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Thailand jittery over proposed Lao dam

Thai government says it could use its influence to put an end to Sanakham Dam project

UCA News reporter, Bangkok

UCA News reporter, Bangkok

Published: December 17, 2020 05:24 AM GMT

Updated: December 17, 2020 05:35 AM GMT

Thailand jittery over proposed Lao dam

A man sits in a fishing boat while traveling along the Mekong River in Nong Khai province in Thailand. Concern is mounting among environmentalists over plans by Laos to build a new dam on the river. (Photo: AFP)

Thailand’s government may call for a new hydroelectric dam by Laos on the Mekong River to be scrapped, saying its environmental impact could further jeopardize the river’s already fragile ecosystems.

Laos’ plan to construct the Sanakham Dam on its stretch of the river with Chinese backing has been mired in controversy, with environmentalists warning of the harmful impact, and the Thai government now says it could use its influence to put an end to the planned construction.

“If we come to conclude that construction will have a damaging effect on the environment in Thailand, we will exercise our right as a member of the Mekong River Commission (MRC) to stop the project under the Mekong Agreement,” said Somkiat Prajamwong, secretary-general of the Office of National Water Resources in Bangkok.

Laos, an impoverished nation whose communist government sees hydroelectric power as a source of extra income, has yet to conduct an environmental assessment study of the dam’s impact on the river, which passes through six countries between China and Vietnam.

“We have requested additional information from the Lao government, particularly regarding concerns we have over the trans-boundary impact of the project,” Somkiat said. “As far as I know, the correct environmental assessments have yet to be carried out.”

The planned new 684-megawatt dam in Laos would cost more than US$2 billion and take eight years to complete. Most of the electricity generated there would be exported to neighboring Thailand, which already has a surplus of electricity to meet domestic demand.

The dam would be located two kilometers upstream of the Thai-Lao border, but its environmental impact could be felt not only in Thailand but downstream in Cambodia and Vietnam as well, experts say.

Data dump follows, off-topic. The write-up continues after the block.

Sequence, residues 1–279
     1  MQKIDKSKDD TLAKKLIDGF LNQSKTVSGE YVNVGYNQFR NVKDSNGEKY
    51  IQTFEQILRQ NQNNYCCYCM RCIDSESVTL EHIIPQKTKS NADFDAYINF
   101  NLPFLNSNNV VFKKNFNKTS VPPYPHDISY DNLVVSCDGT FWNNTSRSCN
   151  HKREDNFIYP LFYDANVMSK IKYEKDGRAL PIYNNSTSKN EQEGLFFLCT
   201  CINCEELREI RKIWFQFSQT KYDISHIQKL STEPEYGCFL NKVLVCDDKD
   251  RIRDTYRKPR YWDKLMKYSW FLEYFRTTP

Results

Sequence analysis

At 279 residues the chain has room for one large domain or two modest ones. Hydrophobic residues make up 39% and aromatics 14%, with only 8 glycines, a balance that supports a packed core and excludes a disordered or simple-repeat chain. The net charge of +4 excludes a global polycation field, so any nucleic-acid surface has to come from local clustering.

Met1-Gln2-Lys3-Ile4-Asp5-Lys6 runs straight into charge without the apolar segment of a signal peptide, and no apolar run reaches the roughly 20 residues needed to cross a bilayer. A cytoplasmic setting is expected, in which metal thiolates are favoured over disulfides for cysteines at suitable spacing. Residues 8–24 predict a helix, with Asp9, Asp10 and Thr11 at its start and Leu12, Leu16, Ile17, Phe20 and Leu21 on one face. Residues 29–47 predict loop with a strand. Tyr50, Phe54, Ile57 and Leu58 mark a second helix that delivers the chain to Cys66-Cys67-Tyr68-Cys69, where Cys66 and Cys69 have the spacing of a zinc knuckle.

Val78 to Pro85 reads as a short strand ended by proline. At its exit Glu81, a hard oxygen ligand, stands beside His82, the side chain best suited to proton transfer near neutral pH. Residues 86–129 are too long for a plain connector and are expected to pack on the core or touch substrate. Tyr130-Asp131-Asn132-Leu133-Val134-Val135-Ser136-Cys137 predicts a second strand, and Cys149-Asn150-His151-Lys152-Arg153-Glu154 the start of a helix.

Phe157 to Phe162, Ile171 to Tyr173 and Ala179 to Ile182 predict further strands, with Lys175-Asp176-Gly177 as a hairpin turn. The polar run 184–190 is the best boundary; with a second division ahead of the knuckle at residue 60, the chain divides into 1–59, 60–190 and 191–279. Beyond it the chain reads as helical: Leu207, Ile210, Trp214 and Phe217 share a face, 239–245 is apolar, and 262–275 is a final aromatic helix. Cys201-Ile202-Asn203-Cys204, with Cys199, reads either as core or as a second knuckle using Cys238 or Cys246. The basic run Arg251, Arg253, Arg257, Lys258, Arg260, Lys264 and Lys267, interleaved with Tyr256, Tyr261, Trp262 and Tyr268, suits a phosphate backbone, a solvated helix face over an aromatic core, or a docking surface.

Environmentalists in several countries have long been warning that any further dams on the Mekong, beyond those already operated upstream by China and Laos, could inflict irreversible damage on one of the world’s largest and economically most important rivers that provides as many as 100 million people with their sources of food and livelihoods.

“The proposed Sanakham Dam is expensive, unnecessary and risky — and should be canceled,” stresses Save the Mekong, a coalition of NGOs, community-based groups, academics and ordinary people who campaign against any further dams on the beleaguered river.

“We call for the Sanakham and other planned Mekong mainstream dams to be canceled.” 

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A cascade of 11 hydroelectric dams upstream in China and another two dams in Laos have already severely affected the river’s flow downstream, causing prolonged water shortages during the dry season and upsetting the river’s finely tuned ecosystems.

“Development projects, such as dam construction on the Mekong River and [its] tributaries to support a booming hydropower industry, are bringing great change to ecological, agricultural and cultural systems in this region,” warned Prof. Kenneth Olson, an American environmental scientist who has researched the effects of dams on the river and the people who depend on it.

These dams “could cause irreversible and long-term ecological damage to a river that feeds millions of people. [They] may push endangered fish, such as Mekong giant catfish, to extinction,” he added.

Changes in the river’s traditional flow because of upstream dams have especially harmed economically disadvantaged people living alongside the river in six nations.

“Water rises so fast and drops so fast because the water doesn’t flow naturally,” said Prayoon Saen-ae, an elderly fisherman who lives in a riverside community in northern Thailand.

“It has a huge impact on us. It’s hard to catch any fish, and the fish cannot lay eggs.”   

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